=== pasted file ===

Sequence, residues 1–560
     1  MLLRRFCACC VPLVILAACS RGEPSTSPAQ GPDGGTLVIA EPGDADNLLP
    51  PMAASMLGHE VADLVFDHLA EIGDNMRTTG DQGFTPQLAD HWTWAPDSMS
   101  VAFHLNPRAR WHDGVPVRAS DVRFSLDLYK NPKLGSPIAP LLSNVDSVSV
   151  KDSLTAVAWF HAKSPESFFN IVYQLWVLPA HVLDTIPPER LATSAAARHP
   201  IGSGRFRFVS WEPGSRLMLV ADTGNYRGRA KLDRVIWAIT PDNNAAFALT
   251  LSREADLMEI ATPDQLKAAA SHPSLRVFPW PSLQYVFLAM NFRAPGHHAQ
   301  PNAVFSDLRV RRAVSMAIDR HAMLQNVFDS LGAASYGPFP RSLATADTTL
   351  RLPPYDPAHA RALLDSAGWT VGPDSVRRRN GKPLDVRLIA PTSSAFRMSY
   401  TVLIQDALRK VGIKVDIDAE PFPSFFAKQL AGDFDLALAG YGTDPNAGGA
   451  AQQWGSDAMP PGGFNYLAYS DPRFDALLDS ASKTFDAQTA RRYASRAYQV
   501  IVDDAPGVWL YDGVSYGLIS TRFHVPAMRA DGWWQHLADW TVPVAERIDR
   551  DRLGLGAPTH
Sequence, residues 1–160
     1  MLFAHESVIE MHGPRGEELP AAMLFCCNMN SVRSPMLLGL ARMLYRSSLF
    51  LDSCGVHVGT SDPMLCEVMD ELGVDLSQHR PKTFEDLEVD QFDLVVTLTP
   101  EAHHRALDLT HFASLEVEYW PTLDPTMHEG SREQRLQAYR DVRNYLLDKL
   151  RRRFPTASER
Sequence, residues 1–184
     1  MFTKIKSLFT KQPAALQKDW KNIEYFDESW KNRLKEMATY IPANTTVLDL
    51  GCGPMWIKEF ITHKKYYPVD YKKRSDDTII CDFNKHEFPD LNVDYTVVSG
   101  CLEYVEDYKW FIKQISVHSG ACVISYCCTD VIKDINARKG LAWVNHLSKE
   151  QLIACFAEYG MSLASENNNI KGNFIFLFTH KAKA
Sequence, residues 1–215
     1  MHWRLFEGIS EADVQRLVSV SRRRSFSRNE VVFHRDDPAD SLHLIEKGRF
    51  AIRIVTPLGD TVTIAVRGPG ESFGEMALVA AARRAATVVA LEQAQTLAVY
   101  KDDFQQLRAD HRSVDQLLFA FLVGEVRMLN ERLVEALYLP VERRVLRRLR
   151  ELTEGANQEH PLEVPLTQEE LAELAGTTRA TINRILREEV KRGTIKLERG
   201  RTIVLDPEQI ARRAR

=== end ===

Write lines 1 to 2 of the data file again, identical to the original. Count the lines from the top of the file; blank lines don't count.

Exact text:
Sequence, residues 1–560
     1  MLLRRFCACC VPLVILAACS RGEPSTSPAQ GPDGGTLVIA EPGDADNLLP